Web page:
February 21, 2014

Huffington Post: A Final Farewell to Greg Wilhoit, Who Survived Oklahoma's Death Row



America's community of death row survivors bids a farewell to another one of its own.  Gregory R. Wilhoit, who had spent five years on Oklahoma's death row after being wrongfully convicted for the brutal murder of his wife, died in his sleep on February 13.

LINK

December 11, 2013

Mandela death leads to criticism of Reagan's South Africa policy

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From theGrio:

Who would’ve thought that the death of Nelson Mandela would help dig up Reagan’s horrible record on South Africa?  The passing of the African nation’s former president has caused Reagan’s policy of coddling the apartheid regime in the 1980s to be re-examined and amplified.
This renewed criticism of Reagan is resonating with people, and all this unwanted attention is worrying some on the right, as it should, particularly at a time when another country’s first black president—Barack Obama, that is— is experiencing a low point in his popularity.  Presumably, from a strictly Machiavellian realpolitik point of view, the right would want to capitalize on President Obama’s historically low poll numbers, given that attacking the president is what they do best — it’s just about the only thing they do, in the absence of any useful legislative proposals.

November 13, 2013

Twitter's diversity problem

As Twitter went public with its I.P.O. (or Initial Public Offering, its first issuance of stock to the general public), the company has received negative publicity for its diversity problem.  Critics note that the Twitter board of directors consists entirely of white men; while women and people of color are wholly excluded from the decision-making positions in the corporation.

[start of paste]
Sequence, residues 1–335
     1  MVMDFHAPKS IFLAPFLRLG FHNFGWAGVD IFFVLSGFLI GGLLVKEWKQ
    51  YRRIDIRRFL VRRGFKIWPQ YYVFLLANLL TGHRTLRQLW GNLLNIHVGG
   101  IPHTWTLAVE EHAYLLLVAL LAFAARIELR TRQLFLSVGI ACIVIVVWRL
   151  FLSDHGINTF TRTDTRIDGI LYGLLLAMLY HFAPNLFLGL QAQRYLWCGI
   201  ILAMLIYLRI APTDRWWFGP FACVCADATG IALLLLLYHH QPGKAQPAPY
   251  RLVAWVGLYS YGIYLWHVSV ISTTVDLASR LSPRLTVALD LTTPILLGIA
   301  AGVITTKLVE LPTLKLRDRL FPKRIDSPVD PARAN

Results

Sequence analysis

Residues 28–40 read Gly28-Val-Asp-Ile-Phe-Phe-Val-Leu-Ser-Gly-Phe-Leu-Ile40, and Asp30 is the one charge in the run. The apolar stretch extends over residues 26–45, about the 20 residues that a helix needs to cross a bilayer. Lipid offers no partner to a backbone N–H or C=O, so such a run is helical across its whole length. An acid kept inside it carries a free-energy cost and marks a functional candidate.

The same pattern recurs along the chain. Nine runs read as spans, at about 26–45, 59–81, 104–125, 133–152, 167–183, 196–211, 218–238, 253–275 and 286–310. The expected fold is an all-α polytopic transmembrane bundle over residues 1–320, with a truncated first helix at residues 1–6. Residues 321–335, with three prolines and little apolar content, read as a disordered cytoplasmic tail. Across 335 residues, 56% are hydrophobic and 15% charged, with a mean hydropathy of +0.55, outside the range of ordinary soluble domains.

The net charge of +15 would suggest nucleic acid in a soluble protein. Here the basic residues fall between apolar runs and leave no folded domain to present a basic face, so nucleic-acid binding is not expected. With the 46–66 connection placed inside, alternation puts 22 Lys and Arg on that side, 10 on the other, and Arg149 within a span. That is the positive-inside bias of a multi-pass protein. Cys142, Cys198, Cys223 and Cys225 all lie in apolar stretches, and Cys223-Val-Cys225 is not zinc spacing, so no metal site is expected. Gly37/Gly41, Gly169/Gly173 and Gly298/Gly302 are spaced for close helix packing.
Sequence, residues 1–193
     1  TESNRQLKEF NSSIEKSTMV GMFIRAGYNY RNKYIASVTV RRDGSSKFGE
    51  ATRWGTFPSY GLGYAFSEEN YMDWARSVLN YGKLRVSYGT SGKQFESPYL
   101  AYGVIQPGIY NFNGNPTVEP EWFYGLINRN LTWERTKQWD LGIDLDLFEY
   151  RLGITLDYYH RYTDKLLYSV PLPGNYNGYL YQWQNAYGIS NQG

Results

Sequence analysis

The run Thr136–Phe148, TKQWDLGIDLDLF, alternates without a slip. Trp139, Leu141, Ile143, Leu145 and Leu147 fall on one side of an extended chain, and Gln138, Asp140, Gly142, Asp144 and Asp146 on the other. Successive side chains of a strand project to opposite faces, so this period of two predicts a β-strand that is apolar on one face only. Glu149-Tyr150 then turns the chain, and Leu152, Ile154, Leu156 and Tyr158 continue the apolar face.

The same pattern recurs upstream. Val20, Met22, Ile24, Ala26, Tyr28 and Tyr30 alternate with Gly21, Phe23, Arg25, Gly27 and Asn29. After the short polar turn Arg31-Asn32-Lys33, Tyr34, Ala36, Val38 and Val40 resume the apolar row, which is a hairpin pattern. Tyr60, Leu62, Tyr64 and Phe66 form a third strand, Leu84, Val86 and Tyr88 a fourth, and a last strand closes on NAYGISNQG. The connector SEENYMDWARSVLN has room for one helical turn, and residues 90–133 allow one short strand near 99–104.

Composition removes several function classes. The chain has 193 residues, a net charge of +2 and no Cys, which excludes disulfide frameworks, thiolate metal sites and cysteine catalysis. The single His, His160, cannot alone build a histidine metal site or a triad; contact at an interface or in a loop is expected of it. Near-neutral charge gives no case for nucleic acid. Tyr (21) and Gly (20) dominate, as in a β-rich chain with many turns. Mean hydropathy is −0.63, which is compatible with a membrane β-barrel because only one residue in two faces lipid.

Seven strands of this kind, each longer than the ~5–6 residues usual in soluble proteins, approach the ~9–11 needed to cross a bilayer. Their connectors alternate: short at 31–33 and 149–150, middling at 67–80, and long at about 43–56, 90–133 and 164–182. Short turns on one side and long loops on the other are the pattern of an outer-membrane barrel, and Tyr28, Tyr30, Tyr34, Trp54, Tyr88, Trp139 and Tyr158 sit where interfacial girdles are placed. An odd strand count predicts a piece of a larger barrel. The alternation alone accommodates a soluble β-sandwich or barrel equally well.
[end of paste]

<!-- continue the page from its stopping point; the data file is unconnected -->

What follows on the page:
African-Americans are not represented in the senior ranks and the executive team, while Latinos are nearly nonexistent throughout company staff.  The only executive officer who is not white and not a man is Vijaya Gadde, Twitter’s newly hired general counsel—a woman of Indian descent.
Otherwise, Twitter faces its critics who believe the diversity problem is reflective of the larger high technology industry.  

November 7, 2013

In theGrio: The GOP’s unprecedented blocking of Mel Watt

Senate Republicans are looking for a fight with the president.

This much was clear when they used the power of the filibuster to block the nomination of Rep. Melvin Watt (D-North Carolina) to lead the Federal Housing Finance Agency (FHFA), which oversees mortgage giants Freddie Mac and Fannie Mae.

The blocking of Rep. Watt is significant because it speaks volumes about Republican opposition to President Obama.  This just does not happen to sitting members of Congress.  Although the FHFA is not a cabinet-level position, no lawmaker has been blocked for nomination to a cabinet post since 1843—that’s 170 years ago.

In 1843, the enslavement of black people was still the law of the land, and Sojourner Truth began her career as an abolitionist.  Roger B. Taney—the jurist who wrote the opinion in the Dred Scott decision—was Chief Justice of the U.S. Supreme Court.  And 1843 witnessed the introduction of the first blackface minstrel show.

Click HERE for more.

Illinois Governor Pat Quinn Must Pardon Randy Steidl Now



Gordon "Randy" Steidl is a survivor and a hero.

He survived 17 years in the Illinois prison system, 12 on death row, for a crime he did not commit.  That is something few of us can fathom.  Now he is fighting against the death penalty as the board chairman of Witness to Innocence, the national organization of exonerated death row survivors and their loved ones.  Randy helped bring about the repeal of the death penalty in his home state of Illinois, when Gov. Pat Quinn signed an abolition bill into law.